|Former secretary to Imelda Marcos charged in New York with art conspiracy|
In this photo provided by the United States Attorneys Office in New York, shows an 1887 painting by Alfred Sisley entitled Langland Bay. Vilma Bautista, one time secretary to Philippines first lady Imelda Marcos, was indicted in New York, Tuesday, Nov. 20, 2012, on charges of conspiracy, tax fraud and offering a false instrument for filing for attempting to illegally sell this work and others that disappeared as Ferdinand Marcos regime collapsed in the late 1980s. AP Photo/United States Attorneys Office.
By: Karen Matthews, Associated Press
NEW YORK (AP).- A former secretary to Imelda Marcos was charged Tuesday in New York with conspiracy to sell valuable artworks that disappeared during the collapse of Marcos' husband's regime in the Philippines.
Vilma Bautista, 74, was indicted on charges of conspiracy, tax fraud and offering a false instrument for filing. Two of her nephews, Chaiyot Jansen Navalaksana and Pongsak Navalaksana, also were charged.
Manhattan District Attorney Cyrus Vance Jr. said Bautista used false paperwork to sell a work from Claude Monet's "Water Lilies" series for $32 million in September 2010.
"The integrity of the international art market must be protected," Vance said in a statement. "This indictment sheds light on what happened to major works of art missing for more than 25 years."
Her attorney, Fran Hoffinger, said Bautista got caught in a civil dispute between the Marcoses and the Philippine government.
"It's a civil dispute," Hoffinger said. "It doesn't belong in criminal court."
According to the indictment, Bautista was a foreign service officer assigned to the Philippine Mission to the United Nations but unofficially served as Imelda Marcos' New York-based personal secretary.
The indictment says that during the presidency of her husband, Ferdinand, Imelda Marcos used state assets to acquire a vast collection of artwork and other valuables. Prosecutors say some of the art ended up in Bautista's possession after the Marcoses were ousted in a citizen revolt in 1986.
According to the indictment, the most valuable work was the 1899 Monet painting that was sold, "Japanese Footbridge Over the Water-Lily Pond at Giverny." There was also another Monet and Alfred Sisley's "Langland Bay" from 1887.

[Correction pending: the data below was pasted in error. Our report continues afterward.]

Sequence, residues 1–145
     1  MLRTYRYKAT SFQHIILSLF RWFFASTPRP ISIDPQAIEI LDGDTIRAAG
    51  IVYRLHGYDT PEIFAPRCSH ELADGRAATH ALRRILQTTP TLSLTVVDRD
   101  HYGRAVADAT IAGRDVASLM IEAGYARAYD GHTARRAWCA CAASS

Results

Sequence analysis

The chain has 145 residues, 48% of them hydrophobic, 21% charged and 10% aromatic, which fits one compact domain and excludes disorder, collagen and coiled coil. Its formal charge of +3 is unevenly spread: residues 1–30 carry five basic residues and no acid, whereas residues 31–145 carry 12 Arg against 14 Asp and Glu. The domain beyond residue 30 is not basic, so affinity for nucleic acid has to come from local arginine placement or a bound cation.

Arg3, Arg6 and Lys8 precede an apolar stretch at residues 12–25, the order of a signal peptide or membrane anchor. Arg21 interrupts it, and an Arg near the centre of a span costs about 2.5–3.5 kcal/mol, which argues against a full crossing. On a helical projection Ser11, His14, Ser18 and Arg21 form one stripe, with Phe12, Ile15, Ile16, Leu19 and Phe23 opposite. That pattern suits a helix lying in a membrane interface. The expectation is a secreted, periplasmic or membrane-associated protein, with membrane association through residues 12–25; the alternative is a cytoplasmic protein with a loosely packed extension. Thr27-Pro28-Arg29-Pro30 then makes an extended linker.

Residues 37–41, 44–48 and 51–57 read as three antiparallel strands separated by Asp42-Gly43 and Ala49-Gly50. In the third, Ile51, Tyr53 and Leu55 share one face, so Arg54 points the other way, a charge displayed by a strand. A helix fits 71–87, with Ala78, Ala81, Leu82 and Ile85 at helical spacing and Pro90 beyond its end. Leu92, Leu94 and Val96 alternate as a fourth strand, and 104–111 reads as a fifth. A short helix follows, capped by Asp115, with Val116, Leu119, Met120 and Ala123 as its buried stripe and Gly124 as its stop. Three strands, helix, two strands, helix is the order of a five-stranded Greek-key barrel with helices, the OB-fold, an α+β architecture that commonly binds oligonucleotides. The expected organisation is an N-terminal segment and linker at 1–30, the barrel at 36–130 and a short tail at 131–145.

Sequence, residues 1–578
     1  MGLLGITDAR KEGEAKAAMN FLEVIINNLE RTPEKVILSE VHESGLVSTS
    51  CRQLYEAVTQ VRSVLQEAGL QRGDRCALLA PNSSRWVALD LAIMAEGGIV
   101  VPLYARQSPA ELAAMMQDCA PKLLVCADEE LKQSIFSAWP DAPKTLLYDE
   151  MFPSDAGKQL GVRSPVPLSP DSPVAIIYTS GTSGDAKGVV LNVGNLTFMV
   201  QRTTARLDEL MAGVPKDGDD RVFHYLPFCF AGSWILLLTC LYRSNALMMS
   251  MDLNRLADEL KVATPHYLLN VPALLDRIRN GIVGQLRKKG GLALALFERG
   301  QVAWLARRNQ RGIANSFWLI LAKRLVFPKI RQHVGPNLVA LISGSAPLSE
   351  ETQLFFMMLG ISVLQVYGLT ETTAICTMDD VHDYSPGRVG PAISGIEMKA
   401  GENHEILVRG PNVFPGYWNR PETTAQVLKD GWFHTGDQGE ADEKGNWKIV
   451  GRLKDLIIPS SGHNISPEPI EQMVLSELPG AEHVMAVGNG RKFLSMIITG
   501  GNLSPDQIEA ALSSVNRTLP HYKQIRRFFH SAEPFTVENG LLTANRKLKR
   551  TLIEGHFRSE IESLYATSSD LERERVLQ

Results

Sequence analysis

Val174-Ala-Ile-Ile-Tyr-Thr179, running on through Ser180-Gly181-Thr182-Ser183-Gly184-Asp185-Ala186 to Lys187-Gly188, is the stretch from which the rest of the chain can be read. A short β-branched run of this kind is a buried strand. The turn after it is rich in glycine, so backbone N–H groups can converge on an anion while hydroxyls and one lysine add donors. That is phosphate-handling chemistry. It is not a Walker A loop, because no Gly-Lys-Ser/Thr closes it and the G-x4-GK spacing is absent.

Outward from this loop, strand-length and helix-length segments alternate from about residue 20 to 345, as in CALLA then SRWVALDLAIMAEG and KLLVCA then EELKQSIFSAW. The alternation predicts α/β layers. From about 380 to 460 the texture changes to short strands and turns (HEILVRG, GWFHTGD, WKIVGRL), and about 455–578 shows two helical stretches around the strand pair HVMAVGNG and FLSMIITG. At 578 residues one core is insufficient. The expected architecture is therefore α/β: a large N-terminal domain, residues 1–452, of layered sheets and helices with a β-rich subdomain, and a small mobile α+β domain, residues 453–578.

Prosecutors said Bautista and her nephews plotted to sell the paintings and keep the proceeds tax-free.
Bautista pleaded not guilty. Bail was set at $175,000.
Copyright 2012 The Associated Press.
November 22, 2012
Bibliothèque nationale de France examines the life of the Rothschilds in the 19th century
Argentine experts from the Natural Sciences Museum of La Plata find giant penguin fossils in Antarctica
Study delivers new insights into Rembrandt's etching techniques, many printed after his death
Former secretary to Imelda Marcos charged in New York with art conspiracy
"John Bellany: A Passion for Life" retrospective opens at the Scottish National Gallery
Chinese Abstract painter Zao Wou-ki's twilight clouded by family feud over works
Researchers from Brigham Young University unlock ancient Maya secrets with modern soil science
Brooklyn Museum acquires Neoclassical portrait by Colonial Puerto Rican master José Campeche
Auction of rare books at Ketterer Kunst in Hamburg yields 540,000% return on Die Brücke artist catalog
Local collectors donate work by acclaimed sculptor David Smith to Columbus Museum of Art
Lincoln document on sale in Philly for $900,000
Rare Beatles autographs given during a late night card game to be sold at Campbells in December
German Santa car leads the parade of highlights at Bertoia's $2.1M Toybox Treasures auction
India Art Fair announces its 5th Edition
Jonathan Prince installs major sculpture at new Broad Art Museum
Captain Speedy goes to Ethiopia: Travel and Photography Sale at Bonhams includes rare images of empire
New sequence of Adam Silverman's highly acclaimed pots on view at Edward Cella Art + Architecture
Ayyam Gallery to expand into London and Jeddah
Government Auction brings out the luxury goods for Black Friday
El Anatsui sculptural tapestry hung in Bloch Lobby at Nelson-Atkins Museum
Most Popular Last Seven Days
1.- Ancient erotic frescoes get makeover at the Contemporary Art Museum in Casoria
2.- One million dollar Pablo Picasso painting yours for just $135 in online charity raffle
3.- Robert L. Oswald, Brother of Lee Harvey Oswald Disputes Last Week's Sale of Coffin
4.- Australian psychedelic artist Martin Sharp, who designed posters for Jimi Hendrix and Bob Dylan, dies
5.- Skull find shows young women were sacrificed in China more than 4,000 years ago
6.- Istanbul monastery, considered the most important of Constantinople, 'to be turned into mosque'
7.- Detroit Institute of Arts statement regarding City of Detroit's eligibility to file for bankruptcy
8.- Christie's sets a new world auction record for a painting by Edward Hopper
9.- Ryan O'Neal defends taking ex-lover's Warhol picture in University of Texas lawsuit
10.- French film and installation artist Laure Prouvost wins Great Britain's Turner prize
Museums, Exhibits, Artists, Milestones, Digital Art, Architecture, Photography,
Photographers, Special Photos, Special Reports, Featured Stories, Auctions, Art Fairs,
Anecdotes, Art Quiz, Education, Mythology, 3D Images, Last Week, .
|Royalville Communications, Inc|